Prior to the 2013 season, right-hander Yovani Gallardo had been a number-two starter for the Milwaukee Brewers and roughly a third-tier starter for fantasy owners. He’s been a good source of strikeouts and an ERA between 3.50 and 3.75 on an annual basis. But owners have largely spent the last five seasons waiting for Gallardo to take the next step forward.
This can be seen by the fact that he was the 24th-drafted starter on draft day, selected in the same breath as James Shields, Max Scherzer and Mat Latos. All three of those starters finished the season as a top-25 starter. Gallardo, on the other hand, suffered through the worst season of his career. He compiled a 4.18 ERA, saw his strikeout numbers drop significantly, and was ranked outside the top-75 fantasy starters.
To be fair, it wasn’t a complete trainwreck of a season for the 27-year-old hurler. He barely kept his ERA under 5.00 in the first half, but he wrestled the train back on the tracks in the second half, posting a very solid 3.09 ERA in 67 innings. The turnaround has led some to believe Gallardo’s first half was mere aberration and he’ll return to his career norms in 2014.
Such an argument holds a lot of water. After all, in 1097 innings of work, his 4.83 ERA in the first half last year sticks out as an exception rather than the rule. We should be careful not to prioritize roughly 100 innings when analyzing his whole body of work. However, things look much bleaker when isolating certain trends, such as his fastball velocity, his strikeout rate and his swinging-strike rate. All three fell at alarming rates last season, and his velocity and swinging-strike rate have descended for the past couple years. Gallardo’s disastrous first half still shocked the senses, but we shouldn’t pretend red flags didn’t already exist.
Those are the common arguments surrounding Gallardo. They seem to be selling the situation short, though. Simply explaining away his drop in strikeout rate to decreased fastball velocity is overly simplistic. It doesn’t explain why his swinging-strike rate on his curveball has dropped from 16.6% in 2011 to only 11.1% in 2013. That’s significant because his curveball has traditionally been his put-away pitch when ahead in counts. A less effective curveball results in fewer strikeouts, which is obviously an issue for fantasy owners.
The problem, it seems to me, is opposing teams are simply waiting out the right-hander. Gallardo has never possessed a high swing rate — and once again, his 41.6% swing rate was the lowest amongst qualified starters — but it’s more directly applying to his curveball. Teams understand he struggles to throw his curveball for strikes; thus, teams have started to lay off his curveball more often which forces him to come in with more fastballs and sliders.
As the chart illustrates, opposing hitters are swinging at his curveball less and less every year. They’ve essentially chosen to challenge Gallardo to throw his curveball for strikes, something which is very difficult to do with a sharp-breaking, 12-to-6 hammer curve. The result in 2013 was a .319 wOBA against four-seamers, a .316 wOBA against sliders and a .397 wOBA against two-seamers.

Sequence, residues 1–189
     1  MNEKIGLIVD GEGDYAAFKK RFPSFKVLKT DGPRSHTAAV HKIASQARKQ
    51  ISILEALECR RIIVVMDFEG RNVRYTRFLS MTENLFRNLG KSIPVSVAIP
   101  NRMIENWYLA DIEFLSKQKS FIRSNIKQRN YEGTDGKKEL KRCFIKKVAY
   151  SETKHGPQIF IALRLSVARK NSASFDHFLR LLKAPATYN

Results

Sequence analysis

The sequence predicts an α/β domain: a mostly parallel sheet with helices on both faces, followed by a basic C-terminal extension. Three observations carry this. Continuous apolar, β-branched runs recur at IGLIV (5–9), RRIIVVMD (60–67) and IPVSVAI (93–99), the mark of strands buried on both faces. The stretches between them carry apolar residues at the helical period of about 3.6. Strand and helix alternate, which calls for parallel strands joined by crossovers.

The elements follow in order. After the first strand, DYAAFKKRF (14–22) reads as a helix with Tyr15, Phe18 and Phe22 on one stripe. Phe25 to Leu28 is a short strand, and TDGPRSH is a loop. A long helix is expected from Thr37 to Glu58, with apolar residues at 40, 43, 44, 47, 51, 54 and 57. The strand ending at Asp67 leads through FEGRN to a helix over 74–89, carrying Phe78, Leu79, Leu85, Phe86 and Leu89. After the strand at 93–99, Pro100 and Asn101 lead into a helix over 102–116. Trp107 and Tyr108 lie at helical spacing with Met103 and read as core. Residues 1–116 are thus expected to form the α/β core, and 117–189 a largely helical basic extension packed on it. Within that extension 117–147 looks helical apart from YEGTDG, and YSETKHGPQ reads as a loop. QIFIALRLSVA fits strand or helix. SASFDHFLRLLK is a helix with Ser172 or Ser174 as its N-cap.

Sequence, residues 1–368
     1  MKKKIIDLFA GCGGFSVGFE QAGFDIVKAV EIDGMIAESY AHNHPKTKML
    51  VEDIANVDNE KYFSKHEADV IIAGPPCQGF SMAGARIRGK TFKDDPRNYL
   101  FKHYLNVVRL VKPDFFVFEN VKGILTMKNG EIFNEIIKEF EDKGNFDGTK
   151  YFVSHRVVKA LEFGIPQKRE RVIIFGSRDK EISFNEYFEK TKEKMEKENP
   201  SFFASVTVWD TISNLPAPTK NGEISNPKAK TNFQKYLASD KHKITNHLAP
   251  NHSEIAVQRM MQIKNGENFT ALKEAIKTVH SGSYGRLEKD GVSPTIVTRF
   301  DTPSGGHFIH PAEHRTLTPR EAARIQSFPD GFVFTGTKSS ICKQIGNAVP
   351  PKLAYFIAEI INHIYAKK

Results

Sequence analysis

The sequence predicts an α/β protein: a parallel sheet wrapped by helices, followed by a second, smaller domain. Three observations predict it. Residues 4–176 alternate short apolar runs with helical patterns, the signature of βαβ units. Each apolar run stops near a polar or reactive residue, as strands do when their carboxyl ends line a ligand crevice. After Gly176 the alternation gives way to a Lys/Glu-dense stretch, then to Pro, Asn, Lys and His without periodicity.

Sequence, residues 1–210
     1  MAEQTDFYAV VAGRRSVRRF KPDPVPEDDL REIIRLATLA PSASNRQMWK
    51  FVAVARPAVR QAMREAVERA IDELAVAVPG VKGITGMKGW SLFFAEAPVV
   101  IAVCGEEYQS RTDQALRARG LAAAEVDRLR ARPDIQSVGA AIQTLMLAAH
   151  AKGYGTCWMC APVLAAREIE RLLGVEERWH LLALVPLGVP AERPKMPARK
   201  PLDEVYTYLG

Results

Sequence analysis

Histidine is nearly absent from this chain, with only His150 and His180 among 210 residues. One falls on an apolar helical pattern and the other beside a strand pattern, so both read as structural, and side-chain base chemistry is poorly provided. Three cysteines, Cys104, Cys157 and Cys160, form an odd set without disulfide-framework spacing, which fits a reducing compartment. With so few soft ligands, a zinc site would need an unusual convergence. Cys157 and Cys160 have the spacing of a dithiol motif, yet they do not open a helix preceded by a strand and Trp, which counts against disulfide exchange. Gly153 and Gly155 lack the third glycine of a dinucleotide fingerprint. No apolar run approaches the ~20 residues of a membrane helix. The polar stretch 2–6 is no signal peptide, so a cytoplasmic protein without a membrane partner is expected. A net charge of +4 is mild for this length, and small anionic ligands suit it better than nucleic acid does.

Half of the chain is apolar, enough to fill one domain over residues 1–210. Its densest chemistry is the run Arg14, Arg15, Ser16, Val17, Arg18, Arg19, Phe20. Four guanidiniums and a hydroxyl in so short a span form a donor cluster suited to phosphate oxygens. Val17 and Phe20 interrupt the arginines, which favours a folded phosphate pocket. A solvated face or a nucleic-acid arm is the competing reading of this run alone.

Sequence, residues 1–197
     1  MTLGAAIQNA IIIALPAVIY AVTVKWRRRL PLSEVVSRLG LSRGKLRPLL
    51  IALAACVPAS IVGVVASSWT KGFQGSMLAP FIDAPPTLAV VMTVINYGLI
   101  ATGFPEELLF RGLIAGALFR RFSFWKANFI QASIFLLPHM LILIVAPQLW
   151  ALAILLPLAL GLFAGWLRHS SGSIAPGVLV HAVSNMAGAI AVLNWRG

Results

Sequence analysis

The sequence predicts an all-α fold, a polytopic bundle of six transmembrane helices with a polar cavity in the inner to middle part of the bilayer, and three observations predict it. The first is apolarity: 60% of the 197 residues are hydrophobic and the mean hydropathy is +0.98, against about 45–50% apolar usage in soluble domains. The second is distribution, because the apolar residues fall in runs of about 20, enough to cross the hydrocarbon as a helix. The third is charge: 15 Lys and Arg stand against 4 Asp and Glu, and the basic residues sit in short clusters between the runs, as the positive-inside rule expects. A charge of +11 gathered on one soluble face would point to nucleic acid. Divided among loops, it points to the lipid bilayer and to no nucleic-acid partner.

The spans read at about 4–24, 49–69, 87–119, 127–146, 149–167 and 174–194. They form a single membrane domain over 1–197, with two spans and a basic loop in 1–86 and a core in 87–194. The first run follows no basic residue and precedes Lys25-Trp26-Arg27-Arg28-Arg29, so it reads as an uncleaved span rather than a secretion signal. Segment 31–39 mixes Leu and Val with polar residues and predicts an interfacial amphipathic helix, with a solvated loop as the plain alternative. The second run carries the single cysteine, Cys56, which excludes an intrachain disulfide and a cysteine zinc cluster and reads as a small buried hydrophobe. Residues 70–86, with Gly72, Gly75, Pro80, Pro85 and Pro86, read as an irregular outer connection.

Obviously, Gallardo needs to get to his curveball more often to optimize his effectiveness and bring the strikeout numbers back to normal. To do that, he must get ahead in the count. Nothing groundbreaking there. We quickly ascertain that’s a problem for Gallardo, though. His 55.9% first-strike percentage was third worst in all of baseball last year. That’s also dropped precipitously since the 2011 season from 62.7% to 55.9%, respectively.
The idea that opposing hitters are increasingly laying off his curveball and keying on his fastball becomes more concerning once we return to the velocity loss. His average fastball velocity has dropped from 92.7 mph in 2011 to 90.7 mph in 2013. Teams are forcing Gallardo into fastball counts and taking advantage of a less dominant fastball. Then, there’s also the problem with the velocity differential between his fastball and slider, which is only four miles per hour. If opposing hitters can largely eliminate the curveball, they can focus on the fastball and slider, but more importantly, they can focus on one general speed. That’s huge.
Making a long story short: Yovani Gallardo may have found more success in the second half last season, but his red flags are only becoming a deeper shade of red and being run further up the flag pole. If his curveball continues to decrease in effectiveness, his strikeout rate will not rebound. And considering he’s always walked his fair share of batters and doesn’t offer much in the WHIP category, he needs the strikeouts and ERA to be an above-average fantasy starter.
I’m not confident to project the strikeouts return at this point. Yovani Gallardo is someone I will be wholly avoiding on draft day. Other owners may see a bounce-back candidate. However, I see nothing but red flags. Not to mention the concern about a possible arm injury perpetually exists as his velocity continues to drop. Too many negatives exist for me to invest on draft day. I suggest you follow the same advice.
J.P. Breen is a graduate student at the University of Chicago. For analysis on the Brewers and fantasy baseball, you can follow him on Twitter (@JP_Breen).